The Seven Five Nothing

The Seven Five Nothing are a collection of hyper-short stories, each written in a single sitting with no editting.


1. The Piano.

I remember her hands, as they lay on the back of mine, gently pressing down each finger, one by one. The key would push the hammer, which would strike the string, and through the room, sweet sounds would roll out.

At first, she would repeat the one note. Her soft warm hands, gently laid over my child's fingers, pressing the same key in a gentle rhythm, hauntingly so.

Down; her finger pushing mine, pushing the key, pushing the hammer, striking the string, vibrating and pushing the air around it, swelling us in the simplest of music, over, and over, calming my soul. And then, she would lilt her hand a little, and my next finger was pressed, turning a new, heartbreaking note into the logical next step, as if ghosts were dancing around us. As if we were playing for a ballroom of spirits, giving them a chance to dance once more.

And when I was too tired, I would slip my hands from under hers, and turn a little in her lap, press my head against her chest, and listen to her heart as it played along with those wonderful hands. I never dreamed so wonderfully as in those moments.

When she died, my father sold the piano, and I was alone. I would sit in the room, watching the space where she used to sit, where our piano used to be, wondering if I would ever see the ghosts turn with grace again. I never could go near that empty space, never step into it. On the floor, small dents from where it had sat for so long, and a fresh wound on the wood from where they had dragged it an inch or so when they took it away.

Time cloaked the past as it does, and I grew up, thinking of the piano and my mother less and less. I thought of her only when I heard Bach, or when her birthday came around, learning that sadness is better kept to a minimum.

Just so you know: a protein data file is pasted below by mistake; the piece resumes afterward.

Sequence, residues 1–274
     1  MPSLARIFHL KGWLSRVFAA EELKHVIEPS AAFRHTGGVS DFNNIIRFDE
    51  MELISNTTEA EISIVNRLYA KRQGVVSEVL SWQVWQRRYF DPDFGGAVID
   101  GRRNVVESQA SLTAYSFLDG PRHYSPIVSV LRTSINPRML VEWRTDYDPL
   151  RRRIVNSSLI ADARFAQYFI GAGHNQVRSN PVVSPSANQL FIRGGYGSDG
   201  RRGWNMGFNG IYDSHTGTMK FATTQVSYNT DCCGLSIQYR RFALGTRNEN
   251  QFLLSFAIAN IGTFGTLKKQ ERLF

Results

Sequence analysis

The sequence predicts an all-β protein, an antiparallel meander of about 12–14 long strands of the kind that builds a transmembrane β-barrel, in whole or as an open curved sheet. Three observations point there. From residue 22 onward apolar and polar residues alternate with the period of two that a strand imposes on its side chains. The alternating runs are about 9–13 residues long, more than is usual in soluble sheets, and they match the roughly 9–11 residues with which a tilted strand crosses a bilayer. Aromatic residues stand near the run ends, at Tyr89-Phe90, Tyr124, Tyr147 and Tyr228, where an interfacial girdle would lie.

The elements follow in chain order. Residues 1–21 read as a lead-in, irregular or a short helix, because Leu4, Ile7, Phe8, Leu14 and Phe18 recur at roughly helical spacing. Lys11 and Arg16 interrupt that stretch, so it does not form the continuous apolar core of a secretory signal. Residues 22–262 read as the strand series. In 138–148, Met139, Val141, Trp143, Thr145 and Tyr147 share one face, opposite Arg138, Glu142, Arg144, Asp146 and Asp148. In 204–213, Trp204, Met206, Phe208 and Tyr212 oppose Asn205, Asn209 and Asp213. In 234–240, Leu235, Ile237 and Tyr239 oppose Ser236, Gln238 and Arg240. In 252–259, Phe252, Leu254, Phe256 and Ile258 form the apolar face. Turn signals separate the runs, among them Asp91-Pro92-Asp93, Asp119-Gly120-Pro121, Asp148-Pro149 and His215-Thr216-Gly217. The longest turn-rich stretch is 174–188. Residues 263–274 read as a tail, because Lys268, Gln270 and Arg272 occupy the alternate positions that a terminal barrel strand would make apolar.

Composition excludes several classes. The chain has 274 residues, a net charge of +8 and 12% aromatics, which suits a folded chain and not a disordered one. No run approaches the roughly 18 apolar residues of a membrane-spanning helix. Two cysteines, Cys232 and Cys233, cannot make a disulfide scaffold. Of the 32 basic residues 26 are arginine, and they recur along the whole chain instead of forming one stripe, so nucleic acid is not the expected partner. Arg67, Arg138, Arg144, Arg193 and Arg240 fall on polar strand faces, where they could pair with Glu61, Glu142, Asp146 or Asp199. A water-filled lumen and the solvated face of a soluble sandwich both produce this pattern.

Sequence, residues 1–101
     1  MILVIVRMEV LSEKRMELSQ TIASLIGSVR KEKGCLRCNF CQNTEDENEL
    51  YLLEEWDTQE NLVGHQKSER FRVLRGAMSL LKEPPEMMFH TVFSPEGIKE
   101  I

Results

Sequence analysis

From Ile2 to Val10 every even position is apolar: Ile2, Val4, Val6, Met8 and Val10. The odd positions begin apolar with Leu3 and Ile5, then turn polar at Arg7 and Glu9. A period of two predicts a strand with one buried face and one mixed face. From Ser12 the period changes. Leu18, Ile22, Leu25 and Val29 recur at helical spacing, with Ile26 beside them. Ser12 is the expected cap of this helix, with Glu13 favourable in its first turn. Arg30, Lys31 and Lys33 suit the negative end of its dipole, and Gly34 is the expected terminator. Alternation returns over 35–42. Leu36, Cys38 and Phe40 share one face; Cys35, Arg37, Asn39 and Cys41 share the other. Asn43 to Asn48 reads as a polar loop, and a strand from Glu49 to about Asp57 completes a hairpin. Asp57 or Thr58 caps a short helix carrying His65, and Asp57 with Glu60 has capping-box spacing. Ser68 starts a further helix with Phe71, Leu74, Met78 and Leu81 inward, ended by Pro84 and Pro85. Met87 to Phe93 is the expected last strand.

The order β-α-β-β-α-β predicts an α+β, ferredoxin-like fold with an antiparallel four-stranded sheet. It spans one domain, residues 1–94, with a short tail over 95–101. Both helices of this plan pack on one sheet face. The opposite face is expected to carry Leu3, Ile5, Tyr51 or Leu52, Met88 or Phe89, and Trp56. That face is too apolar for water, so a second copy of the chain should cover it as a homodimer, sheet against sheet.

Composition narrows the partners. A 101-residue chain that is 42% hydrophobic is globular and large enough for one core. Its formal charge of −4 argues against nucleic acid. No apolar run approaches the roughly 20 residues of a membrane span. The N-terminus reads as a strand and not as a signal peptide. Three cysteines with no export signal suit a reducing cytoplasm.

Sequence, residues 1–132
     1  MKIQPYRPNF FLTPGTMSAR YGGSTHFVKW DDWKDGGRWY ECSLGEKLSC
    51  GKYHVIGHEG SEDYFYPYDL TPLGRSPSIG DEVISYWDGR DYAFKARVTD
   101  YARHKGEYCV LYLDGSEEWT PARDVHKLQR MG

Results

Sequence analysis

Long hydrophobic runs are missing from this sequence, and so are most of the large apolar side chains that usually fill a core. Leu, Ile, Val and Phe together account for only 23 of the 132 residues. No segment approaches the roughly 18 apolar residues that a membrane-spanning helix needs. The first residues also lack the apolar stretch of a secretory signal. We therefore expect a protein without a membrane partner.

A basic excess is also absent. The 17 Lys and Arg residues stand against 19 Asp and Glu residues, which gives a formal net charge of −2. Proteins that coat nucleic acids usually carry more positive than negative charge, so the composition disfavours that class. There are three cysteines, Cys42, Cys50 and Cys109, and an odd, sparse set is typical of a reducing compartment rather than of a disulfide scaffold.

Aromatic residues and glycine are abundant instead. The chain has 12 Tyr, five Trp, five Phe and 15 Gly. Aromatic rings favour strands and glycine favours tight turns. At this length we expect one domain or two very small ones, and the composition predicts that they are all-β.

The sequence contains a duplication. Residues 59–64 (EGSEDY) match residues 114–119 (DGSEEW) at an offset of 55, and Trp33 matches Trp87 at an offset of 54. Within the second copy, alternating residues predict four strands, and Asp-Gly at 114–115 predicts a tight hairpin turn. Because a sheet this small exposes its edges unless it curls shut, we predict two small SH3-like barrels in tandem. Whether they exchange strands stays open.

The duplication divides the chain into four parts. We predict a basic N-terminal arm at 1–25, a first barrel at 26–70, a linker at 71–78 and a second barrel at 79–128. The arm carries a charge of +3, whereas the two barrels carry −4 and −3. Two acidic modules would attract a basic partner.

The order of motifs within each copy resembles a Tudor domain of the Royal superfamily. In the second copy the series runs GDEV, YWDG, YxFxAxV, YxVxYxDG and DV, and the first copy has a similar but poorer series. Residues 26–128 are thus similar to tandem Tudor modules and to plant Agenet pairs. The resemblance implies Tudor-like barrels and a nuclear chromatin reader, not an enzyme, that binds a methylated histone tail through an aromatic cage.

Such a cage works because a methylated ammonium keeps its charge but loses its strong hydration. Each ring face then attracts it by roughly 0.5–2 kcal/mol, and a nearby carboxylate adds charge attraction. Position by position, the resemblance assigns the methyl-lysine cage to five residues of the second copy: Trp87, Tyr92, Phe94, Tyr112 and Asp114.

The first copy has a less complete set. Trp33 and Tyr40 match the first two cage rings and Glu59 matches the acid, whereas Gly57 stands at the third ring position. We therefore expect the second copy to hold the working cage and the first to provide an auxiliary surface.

When I was older and I had a chance to leave my childhood in a toy box, locked in my father's attic, I left it all behind. I travelled to the other side of the world, never truly knowing why. I reasoned that it was the state of almost all people, that most of what we do comes not from a place of knowing, but rather because we are lost. And, in that united loss, there is a common, united cause. And I met many lost souls, trying to be complete, in almost every country.

When I met her, she set my heart back seventy-feet, and I knew she was what I needed. It was heavier than any drug I had taken to plug my sadness, more toxic than any wine I'd drank, looking to ignite a smile. She was simply a siren in my bleak sea, and whilst I doubted everything that I had to offer, she accepted every ill in my soul, taking me in, taking me on.

And we fought, like all the great lovers do, and we forgot to be free. And we bought a house, terrified that we loved each other enough to do this, but did it anyway, because, like everybody, we were lost souls, trying to be complete.

And when we were married, I still wasn't sure we could be forever. After all, everybody leaves you eventually, one way or another. But we learned to submit. To go with our fear just enough, and each day it felt a little like one day, we'd get to the shore okay.

But the day that changed it, the day when she gave me a son, my heart broke like a dam, and all the pain I'd had since my father sold the piano poured out of me. Finally, it wasn't me anymore, it was us. I had never felt so afraid and yet so brave before in my entire existence.

When we bought the piano, she couldn't play a note. But I placed my hands gently over hers as she nestled back into me, and note by note, key by key, showed her how to play. The sounds gently woke the dead, and as our son slept gently inside of her, growing, it felt like we were joined once more by the ghosts in the room. They danced as we played, and I know she sensed them, as the back of her neck goosebumped beautifully. I kissed it, and she played.
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